Solidworks, PDM Admin tool, Datacard, manage, Educational

Lost Something?

Posted on May 6, 2021 by Tim Webb
06 May

If you've LOST something valuable, you will appreciate today's blog.

I was eating lunch at a local restaurant this week and got back to my truck when I noticed something shiny on the ground in the parking lot next to where I parked. It was a child size championship basketball ring. Probably something you would get for attending a basketball camp or if your team won a March Madness type game for the season.
I was perplexed and sad, I felt sick for whoever this kid is. They're probably worried they lost it, misplaced it, or worse, someone took it! There are no names or initials carved into it so it's not identifiable so I took it back into the store in hopes someone would backtrack their steps to find it.
PDM is and has been one of those tools that has helped me locate my lost designs on numerous, and I really mean numerous, occasions, find that data I know I made but couldn't locate it using windows because in PDM, I can use full context searching in the history, version comments, revisions, labels, etc.
This week, I was wanting to find a washer handle I redesigned about 12-13 years ago for a Whirlpool Duet so I could 3D print a new one. A friend owns the same washing machine model where the handle breaks off. Mine was a Whirlpool Duet, circa 2006 model. I searched OneDrive, Google drive, my local computer, NOTHING! Then I remembered, about 2 years ago, I moved all my data off those external locations and into my PDM vault. I searched for filenames like "washer", "handle", "whirlpool", "3d print", etc. Didn't find it.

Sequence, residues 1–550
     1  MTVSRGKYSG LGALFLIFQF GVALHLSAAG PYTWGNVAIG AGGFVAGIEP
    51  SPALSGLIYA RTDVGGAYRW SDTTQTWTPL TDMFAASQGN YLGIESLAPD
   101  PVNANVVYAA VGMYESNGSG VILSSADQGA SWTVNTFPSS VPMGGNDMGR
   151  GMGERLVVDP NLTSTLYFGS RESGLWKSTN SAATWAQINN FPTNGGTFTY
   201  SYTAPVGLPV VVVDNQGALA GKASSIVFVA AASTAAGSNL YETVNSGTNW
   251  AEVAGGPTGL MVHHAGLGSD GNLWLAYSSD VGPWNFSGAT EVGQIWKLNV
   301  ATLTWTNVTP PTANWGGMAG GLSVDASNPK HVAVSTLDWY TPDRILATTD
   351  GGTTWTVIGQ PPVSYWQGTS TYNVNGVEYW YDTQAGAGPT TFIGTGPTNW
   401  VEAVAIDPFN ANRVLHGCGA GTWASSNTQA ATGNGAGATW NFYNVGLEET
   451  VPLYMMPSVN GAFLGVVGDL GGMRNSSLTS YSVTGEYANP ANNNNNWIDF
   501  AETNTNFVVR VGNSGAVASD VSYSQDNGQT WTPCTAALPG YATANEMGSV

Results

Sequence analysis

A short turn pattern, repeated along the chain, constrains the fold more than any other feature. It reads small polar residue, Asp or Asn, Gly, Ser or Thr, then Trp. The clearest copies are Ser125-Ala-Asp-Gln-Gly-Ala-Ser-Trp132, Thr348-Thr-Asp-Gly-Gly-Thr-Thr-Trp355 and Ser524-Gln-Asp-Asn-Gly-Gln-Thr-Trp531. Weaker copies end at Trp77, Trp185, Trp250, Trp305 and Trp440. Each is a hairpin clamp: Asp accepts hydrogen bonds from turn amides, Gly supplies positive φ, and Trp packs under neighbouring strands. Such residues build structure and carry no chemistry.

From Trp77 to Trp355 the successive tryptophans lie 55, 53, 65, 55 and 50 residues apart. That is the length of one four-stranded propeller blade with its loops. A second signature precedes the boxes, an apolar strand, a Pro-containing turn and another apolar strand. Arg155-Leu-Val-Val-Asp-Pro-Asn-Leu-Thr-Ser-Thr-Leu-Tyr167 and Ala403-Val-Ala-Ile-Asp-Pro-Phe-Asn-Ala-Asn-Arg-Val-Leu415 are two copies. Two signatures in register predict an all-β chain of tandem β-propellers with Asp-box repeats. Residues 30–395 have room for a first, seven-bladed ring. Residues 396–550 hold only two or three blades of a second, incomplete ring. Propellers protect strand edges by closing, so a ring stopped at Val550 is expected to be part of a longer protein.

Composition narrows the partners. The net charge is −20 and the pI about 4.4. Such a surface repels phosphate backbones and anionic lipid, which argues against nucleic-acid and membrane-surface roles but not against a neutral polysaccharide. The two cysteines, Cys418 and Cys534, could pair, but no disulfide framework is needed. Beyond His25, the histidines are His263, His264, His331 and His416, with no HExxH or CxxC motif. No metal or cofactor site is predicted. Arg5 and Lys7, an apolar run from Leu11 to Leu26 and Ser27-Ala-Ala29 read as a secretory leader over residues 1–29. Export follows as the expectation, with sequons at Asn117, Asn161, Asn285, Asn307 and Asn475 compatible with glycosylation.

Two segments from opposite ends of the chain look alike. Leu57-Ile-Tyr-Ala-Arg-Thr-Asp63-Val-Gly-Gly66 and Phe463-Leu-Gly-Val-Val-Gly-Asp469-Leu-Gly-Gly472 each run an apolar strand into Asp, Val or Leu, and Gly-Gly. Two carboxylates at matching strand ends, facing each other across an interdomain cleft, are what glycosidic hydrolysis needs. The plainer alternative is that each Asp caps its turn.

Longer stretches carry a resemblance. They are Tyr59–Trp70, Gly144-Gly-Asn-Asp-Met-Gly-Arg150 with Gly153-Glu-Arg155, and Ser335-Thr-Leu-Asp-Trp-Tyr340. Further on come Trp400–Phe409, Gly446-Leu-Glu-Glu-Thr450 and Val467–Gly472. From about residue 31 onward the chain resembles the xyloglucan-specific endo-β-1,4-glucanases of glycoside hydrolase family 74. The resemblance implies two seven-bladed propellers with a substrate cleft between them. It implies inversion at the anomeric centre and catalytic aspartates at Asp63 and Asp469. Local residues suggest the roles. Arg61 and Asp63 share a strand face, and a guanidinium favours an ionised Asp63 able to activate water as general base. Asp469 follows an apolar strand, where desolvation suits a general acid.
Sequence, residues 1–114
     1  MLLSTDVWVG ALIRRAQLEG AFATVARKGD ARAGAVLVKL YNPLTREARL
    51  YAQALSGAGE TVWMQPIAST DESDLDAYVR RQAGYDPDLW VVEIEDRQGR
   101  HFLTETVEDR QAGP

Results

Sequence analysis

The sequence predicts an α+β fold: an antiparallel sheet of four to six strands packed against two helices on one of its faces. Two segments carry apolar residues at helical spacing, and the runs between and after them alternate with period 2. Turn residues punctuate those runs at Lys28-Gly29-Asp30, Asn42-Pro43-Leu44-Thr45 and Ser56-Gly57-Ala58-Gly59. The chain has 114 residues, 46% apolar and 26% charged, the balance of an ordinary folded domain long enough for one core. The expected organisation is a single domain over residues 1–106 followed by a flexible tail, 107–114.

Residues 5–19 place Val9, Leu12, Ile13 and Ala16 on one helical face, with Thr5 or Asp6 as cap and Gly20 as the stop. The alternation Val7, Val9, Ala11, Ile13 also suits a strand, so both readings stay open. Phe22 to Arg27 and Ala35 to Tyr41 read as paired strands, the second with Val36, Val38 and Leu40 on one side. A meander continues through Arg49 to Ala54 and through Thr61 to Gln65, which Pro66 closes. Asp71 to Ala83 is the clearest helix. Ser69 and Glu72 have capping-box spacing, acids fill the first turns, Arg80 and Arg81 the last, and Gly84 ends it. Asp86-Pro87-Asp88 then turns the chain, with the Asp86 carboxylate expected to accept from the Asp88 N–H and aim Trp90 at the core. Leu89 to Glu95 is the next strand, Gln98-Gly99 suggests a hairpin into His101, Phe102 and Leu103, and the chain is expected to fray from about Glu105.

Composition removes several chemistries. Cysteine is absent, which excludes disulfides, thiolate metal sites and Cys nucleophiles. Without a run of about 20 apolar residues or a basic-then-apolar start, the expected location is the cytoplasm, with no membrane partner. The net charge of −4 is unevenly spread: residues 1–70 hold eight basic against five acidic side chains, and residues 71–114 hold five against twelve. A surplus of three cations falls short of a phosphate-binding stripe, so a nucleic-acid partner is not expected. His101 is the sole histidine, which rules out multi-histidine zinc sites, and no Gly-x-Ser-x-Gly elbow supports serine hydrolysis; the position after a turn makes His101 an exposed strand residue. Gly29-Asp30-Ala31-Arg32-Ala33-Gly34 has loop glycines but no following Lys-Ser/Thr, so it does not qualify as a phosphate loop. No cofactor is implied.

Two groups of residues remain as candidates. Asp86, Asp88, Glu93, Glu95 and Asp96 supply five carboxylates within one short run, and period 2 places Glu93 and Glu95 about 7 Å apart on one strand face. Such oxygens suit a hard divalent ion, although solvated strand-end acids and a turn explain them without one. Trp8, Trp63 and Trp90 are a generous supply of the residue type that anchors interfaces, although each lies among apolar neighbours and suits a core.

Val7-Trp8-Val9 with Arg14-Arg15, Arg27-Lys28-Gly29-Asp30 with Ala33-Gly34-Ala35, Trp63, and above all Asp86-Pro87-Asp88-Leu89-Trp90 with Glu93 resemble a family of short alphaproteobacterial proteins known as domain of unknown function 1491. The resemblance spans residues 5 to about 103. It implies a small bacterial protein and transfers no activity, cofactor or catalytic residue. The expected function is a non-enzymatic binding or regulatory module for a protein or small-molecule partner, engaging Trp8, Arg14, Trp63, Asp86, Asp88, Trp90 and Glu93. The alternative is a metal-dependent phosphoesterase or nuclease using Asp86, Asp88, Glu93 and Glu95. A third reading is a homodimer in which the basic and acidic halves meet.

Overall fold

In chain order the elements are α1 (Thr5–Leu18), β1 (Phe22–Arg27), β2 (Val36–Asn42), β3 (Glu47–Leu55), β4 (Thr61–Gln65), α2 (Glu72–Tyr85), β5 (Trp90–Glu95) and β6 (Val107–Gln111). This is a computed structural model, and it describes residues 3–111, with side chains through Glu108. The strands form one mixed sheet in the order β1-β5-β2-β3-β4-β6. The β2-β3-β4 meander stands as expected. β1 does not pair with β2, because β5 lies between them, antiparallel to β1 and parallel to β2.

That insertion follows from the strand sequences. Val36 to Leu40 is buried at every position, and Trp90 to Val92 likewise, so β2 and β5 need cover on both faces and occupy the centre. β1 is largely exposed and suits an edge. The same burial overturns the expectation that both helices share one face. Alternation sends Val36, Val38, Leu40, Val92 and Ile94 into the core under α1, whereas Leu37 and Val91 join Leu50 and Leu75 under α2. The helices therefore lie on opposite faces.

I decided to use the history version comments and voila!!! There it was in all its glory! The brand name was also in the Description field, which is where I would search next if the history didn't produce any results.
Below is my search methodology:
  1. Start with a very broad search and narrow down to the details (I don't usually use descriptive filenames, I rely on the metadata, always)
  2. If you didn't use a descriptive filename, begin searching history for any comments
  3. Always leave verbose check-in version comments! This will help you make ends meet when you use #1 above
  4. Fill out as many datacard fields as possible
  5. Use version free variables whenever possible (as long as they don't have to be mapped because that's not supported)
  6. Train, train, train!

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This entry was posted in Solidworks, PDM Admin tool, Datacard, manage, Educational

Tim’s Blog

Tim Webb

Tim Webb

Tim is an all around SolidWorks guru and everything in between. Tim shares HOW TO topics, tips & tricks, using the API to create addins, and expanding the boundaries of the scope of EPDM deployment.